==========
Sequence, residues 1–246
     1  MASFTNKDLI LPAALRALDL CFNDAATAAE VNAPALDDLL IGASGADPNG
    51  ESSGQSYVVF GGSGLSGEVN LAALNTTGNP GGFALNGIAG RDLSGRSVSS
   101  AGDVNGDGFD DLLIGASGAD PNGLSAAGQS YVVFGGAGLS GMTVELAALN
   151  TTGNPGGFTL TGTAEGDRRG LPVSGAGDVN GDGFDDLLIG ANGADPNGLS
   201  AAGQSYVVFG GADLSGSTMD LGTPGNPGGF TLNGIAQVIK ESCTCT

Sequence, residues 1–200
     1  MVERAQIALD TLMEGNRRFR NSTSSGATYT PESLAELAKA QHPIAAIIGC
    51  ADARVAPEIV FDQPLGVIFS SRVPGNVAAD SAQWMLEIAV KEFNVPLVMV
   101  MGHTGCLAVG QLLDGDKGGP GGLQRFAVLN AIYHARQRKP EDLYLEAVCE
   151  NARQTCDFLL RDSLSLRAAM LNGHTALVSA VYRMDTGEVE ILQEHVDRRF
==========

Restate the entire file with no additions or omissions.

Sequence, residues 1–246
     1  MASFTNKDLI LPAALRALDL CFNDAATAAE VNAPALDDLL IGASGADPNG
    51  ESSGQSYVVF GGSGLSGEVN LAALNTTGNP GGFALNGIAG RDLSGRSVSS
   101  AGDVNGDGFD DLLIGASGAD PNGLSAAGQS YVVFGGAGLS GMTVELAALN
   151  TTGNPGGFTL TGTAEGDRRG LPVSGAGDVN GDGFDDLLIG ANGADPNGLS
   201  AAGQSYVVFG GADLSGSTMD LGTPGNPGGF TLNGIAQVIK ESCTCT

Sequence, residues 1–200
     1  MVERAQIALD TLMEGNRRFR NSTSSGATYT PESLAELAKA QHPIAAIIGC
    51  ADARVAPEIV FDQPLGVIFS SRVPGNVAAD SAQWMLEIAV KEFNVPLVMV
   101  MGHTGCLAVG QLLDGDKGGP GGLQRFAVLN AIYHARQRKP EDLYLEAVCE
   151  NARQTCDFLL RDSLSLRAAM LNGHTALVSA VYRMDTGEVE ILQEHVDRRF